Enjoy your pens

Have a nice day


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Asserting precise control primarily in handling and wielding a pen as a writing instrument, but also with the choice of ink and sometimes paper is at the heart of the activity of writing by hand, as far as I'm concerned. My personal 'standard' or test for whether I am controlling the pen sufficiently precisely is being able to write a block of traditional (i.e. the most stroke-dense variant of) Chinese characters legibly in kaishu to fit a 5mm grid on the page, preferably while maintaining the proper aesthetic of the script, e.g. na (right sweeping) strokes should swell in the middle in a rather angular fashion and end with sharp points.


(This is despite my never needing to write anything in Chinese these days.)


I also like the idea of a high level of information density. Successfully fitting lots of words in a fixed or limited space on the page, while still maintaining the intended aesthetic of the script or hand, is 'art' that speaks to me, more so than flamboyant, oversized writing with broad brushes or poster nibs adorned with flourishes.


Therefore, my personal preference is for Japanese F and EF nibs, unless I'm trying to create 'special effects' that are not something I would want to do consistently over a block of 250 words.


On the other hand, I highly regard versatility in a tool or instrument, as long as it is capable of passing the basic test, and does not completely preclude writing small but legibly by design. I'm therefore prepared to spend money on different 'specialty' nibs Naginata Concord nibs, Fude de Mannen nibs, Pilot FA nibs, Sailor Zoom nibs, various Japanese brands of Music nibs, SF and SFM nibs, etc. and try them out. The Pilot FA nib was a disappointment, and I have since destroyed it. The Concord nib is a joy to use, although writing hanzi legibly in a 5mm grid is sometimes a bit of a challenge. The Sailor Zoom nib has surprised me in being able to deliver such fine writing, although I don't really like the way it lays down broad strokes (compared to the Concord nib).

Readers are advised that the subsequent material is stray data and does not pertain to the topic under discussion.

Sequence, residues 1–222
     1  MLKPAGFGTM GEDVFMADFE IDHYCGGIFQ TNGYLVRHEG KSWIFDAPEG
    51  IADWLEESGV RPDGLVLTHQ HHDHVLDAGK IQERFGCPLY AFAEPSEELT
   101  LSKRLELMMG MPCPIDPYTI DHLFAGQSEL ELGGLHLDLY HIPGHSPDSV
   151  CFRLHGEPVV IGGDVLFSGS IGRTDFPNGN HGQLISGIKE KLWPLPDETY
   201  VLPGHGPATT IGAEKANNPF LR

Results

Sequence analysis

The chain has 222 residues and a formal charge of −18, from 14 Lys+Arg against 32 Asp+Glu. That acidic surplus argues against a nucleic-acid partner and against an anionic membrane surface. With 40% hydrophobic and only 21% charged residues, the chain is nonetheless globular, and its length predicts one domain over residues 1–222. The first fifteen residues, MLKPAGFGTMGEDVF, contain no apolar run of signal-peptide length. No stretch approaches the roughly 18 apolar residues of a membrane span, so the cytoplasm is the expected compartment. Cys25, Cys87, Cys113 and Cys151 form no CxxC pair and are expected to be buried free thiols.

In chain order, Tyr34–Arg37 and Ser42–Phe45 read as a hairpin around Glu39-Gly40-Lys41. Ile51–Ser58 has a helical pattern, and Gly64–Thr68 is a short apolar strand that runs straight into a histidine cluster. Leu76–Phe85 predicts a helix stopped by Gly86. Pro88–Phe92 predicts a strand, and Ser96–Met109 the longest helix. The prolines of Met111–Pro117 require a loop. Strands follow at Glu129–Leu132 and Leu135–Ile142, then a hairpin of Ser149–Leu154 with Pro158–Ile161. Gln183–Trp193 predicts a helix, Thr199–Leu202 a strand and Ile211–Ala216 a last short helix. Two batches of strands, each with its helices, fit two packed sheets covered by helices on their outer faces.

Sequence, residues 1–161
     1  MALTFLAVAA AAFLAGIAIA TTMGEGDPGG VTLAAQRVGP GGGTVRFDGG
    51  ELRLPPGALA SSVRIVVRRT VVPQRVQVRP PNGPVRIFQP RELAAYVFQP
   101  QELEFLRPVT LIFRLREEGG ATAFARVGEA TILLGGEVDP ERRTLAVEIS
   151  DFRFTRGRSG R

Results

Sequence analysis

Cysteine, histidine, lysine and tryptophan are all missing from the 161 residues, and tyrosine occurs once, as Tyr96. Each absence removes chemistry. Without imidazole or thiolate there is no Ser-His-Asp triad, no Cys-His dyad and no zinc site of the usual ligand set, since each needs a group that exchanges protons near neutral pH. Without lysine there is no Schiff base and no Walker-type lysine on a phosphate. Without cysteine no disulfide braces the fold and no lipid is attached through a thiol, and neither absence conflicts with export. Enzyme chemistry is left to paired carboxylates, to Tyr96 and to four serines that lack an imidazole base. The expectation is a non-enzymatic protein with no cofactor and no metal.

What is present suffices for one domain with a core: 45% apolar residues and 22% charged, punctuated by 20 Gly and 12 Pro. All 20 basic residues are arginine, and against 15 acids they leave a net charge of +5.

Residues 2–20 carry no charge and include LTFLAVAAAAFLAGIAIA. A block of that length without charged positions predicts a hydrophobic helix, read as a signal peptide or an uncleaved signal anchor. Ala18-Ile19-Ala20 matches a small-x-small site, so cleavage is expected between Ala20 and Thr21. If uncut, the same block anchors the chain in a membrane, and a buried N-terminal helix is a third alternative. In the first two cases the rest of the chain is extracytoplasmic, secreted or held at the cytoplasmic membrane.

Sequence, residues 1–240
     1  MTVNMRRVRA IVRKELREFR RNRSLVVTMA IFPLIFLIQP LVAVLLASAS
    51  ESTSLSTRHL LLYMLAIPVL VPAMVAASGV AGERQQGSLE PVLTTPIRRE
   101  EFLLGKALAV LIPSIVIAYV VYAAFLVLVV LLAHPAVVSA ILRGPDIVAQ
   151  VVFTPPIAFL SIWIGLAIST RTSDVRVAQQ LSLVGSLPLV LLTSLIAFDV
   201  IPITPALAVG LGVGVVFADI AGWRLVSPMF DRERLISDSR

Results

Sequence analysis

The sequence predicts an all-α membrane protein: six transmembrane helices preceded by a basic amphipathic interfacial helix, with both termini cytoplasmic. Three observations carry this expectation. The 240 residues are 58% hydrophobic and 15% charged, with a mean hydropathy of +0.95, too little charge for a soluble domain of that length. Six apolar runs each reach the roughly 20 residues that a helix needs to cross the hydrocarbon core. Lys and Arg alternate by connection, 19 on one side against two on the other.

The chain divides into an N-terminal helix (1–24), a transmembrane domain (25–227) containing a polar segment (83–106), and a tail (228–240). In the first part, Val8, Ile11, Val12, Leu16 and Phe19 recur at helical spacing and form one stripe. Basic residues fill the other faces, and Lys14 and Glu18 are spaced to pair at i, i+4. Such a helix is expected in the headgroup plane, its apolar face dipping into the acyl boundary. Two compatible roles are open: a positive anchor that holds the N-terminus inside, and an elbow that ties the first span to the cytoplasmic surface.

I endeavour to be frank and truthful in what I write, show or otherwise present, when I relate my first-hand experiences that are not independently verifiable; and link to third-party content where I can, when I make a claim or refute a statement of fact in a thread. If there is something you can verify for yourself, I entreat you to do so, and judge for yourself what is right, correct for valid. I may be wrong, and my position or say-so is no more authoritative and carries no more weight than anyone else's here.

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I am one of those people that can find the silver lining of any nib that is tuned properly. I will not tolerate any hard starting whatsoever. But on the whole, I am more prone to use the extremes of the spectrum, needlepoint and EF, or BB and up, and I love flex. Medium nibs just make me go "meh" (three exceptions are my pelikan jazz, pelikan stolia, and visconti divina metro) and I find an F nib to usually be an unpleasant compromise.


I like massive nibs for showing off the ink and I like needlepoint and flex because they accentuate my rather small handwriting best.

Edited by Honeybadgers

Selling a boatload of restored, fairly rare, vintage Japanese gold nib pens, click here to see (more added as I finish restoring them)

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  • 4 months later...

I was considering asking this question Teach13. I have a small pen collection (13 pens) and most have medium or fine nibs. I use a small Rhodia for a journal and to be honest the medium nibs show much more shading and the character of the inks but the writing does tend to look a little too big for the page.


I have just bought a TWSBI Eco with a fine nib and that will be an ideal size for writing in my journal but having filled an A4 page with the nib it doesn't fill me with joy. In my opinion the bigger pages need wider nibs to show off the inks.


Yesterday, I went to an aircraft museum. A WW2 airbase near York. One of the exhibits was a reference from the squadron leader for one of his staff. It was written just after the war and as you would expect with his fountain pen. The nib used would be the equivalent of today's medium I believe. The result was stunning and evocative. The hayday for fountain pens.